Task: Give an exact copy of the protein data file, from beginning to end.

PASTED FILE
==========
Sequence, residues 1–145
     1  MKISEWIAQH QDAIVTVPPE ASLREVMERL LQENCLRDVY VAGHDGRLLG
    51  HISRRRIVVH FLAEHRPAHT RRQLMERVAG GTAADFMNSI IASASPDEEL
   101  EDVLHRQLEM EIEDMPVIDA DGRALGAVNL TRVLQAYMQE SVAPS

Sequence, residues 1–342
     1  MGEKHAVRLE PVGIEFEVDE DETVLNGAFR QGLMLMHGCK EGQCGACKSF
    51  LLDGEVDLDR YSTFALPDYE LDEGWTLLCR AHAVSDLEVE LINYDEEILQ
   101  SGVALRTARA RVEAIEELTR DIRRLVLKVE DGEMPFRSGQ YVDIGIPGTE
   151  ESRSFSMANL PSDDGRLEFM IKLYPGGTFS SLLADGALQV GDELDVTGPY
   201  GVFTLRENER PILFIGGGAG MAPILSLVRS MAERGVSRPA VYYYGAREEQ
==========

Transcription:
Sequence, residues 1–145
     1  MKISEWIAQH QDAIVTVPPE ASLREVMERL LQENCLRDVY VAGHDGRLLG
    51  HISRRRIVVH FLAEHRPAHT RRQLMERVAG GTAADFMNSI IASASPDEEL
   101  EDVLHRQLEM EIEDMPVIDA DGRALGAVNL TRVLQAYMQE SVAPS

Sequence, residues 1–342
     1  MGEKHAVRLE PVGIEFEVDE DETVLNGAFR QGLMLMHGCK EGQCGACKSF
    51  LLDGEVDLDR YSTFALPDYE LDEGWTLLCR AHAVSDLEVE LINYDEEILQ
   101  SGVALRTARA RVEAIEELTR DIRRLVLKVE DGEMPFRSGQ YVDIGIPGTE
   151  ESRSFSMANL PSDDGRLEFM IKLYPGGTFS SLLADGALQV GDELDVTGPY
   201  GVFTLRENER PILFIGGGAG MAPILSLVRS MAERGVSRPA VYYYGAREEQ